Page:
DURC has thus been one of the most hotly debated science policy issues during the 21st century, with controversy surrounding a series of published experiments with potential implications for biological weapons-making. Such studies include the genetic engineering of a superstrain of the mousepox virus in 2001 (Jackson et al. ), the artificial synthesis (via synthetic genomics) of a “live” polio virus from chemical components in 2002 (Cello et al. ), and the reconstruction (via synthetic genomics) of the 1918 “Spanish Flu” virus in 2005 (Tumpey et al. ).

Though all of these studies involved legitimate aims, critics argued that they should not have been conducted and/or published. Some argued that publishing studies like these in full detail provided “recipes” for especially dangerous potential biological weapons agents to would-be bioterrorists. Many who acknowledged such potential dangers, on the other hand, argued that benefits of publication outweighed risks involved.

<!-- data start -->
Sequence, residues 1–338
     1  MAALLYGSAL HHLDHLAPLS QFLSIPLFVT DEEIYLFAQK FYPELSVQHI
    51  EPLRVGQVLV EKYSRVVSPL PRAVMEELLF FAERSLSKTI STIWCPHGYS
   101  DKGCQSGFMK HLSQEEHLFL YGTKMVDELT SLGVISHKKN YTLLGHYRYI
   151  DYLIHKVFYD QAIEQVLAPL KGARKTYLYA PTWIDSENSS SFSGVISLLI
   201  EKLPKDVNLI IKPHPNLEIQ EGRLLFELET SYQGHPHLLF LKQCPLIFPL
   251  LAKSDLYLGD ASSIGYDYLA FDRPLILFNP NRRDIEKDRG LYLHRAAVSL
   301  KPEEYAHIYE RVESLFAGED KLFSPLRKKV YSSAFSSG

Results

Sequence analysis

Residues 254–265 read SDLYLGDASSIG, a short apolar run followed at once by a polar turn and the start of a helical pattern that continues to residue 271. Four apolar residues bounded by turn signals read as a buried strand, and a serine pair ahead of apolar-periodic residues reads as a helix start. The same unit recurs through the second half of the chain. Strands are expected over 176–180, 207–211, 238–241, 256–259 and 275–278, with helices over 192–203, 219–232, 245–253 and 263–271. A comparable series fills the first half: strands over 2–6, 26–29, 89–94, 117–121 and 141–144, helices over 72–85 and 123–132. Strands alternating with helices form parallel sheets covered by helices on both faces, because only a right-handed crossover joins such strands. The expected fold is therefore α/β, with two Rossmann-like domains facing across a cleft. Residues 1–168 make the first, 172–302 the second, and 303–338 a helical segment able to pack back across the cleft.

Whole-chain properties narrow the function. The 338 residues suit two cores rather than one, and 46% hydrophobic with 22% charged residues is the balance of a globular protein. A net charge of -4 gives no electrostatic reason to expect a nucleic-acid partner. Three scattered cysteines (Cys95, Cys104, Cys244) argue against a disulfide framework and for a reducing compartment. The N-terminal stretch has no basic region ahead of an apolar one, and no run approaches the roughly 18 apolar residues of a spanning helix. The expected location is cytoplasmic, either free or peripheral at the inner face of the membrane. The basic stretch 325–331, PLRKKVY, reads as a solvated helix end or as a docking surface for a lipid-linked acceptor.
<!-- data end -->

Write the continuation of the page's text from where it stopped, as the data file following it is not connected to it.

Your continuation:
The most controversial dual-use life science experiments to date involved the creation of highly pathogenic H5N1 (avian) influenza virus strains that were airborne transmissible between ferrets, which provide the best model for influenza in humans (Herfst et al. ; Imai et al. ). This research addressed an important scientific question—i.e., Might it be possible for H5N1 to naturally evolve into a human-to-human transmissible strain and thus result in a pandemic?—and (purportedly) yielded an affirmative answer.

After the US National Science Advisory Board for Biosecurity (NSABB) initially recommended that these studies should be published in a redacted form (i.e., including key findings, while omitting detailed description of materials and methods), it later approved publication of revised versions in full, and the papers were published in 2012.

 Advocates of these studies/publications argued that they would improve surveillance of H5N1 in nature (facilitating early identification of, and thus better response to, the emergence of potential pandemic strains) and facilitate development of vaccines that might be needed to protect against pandemic strains of the virus.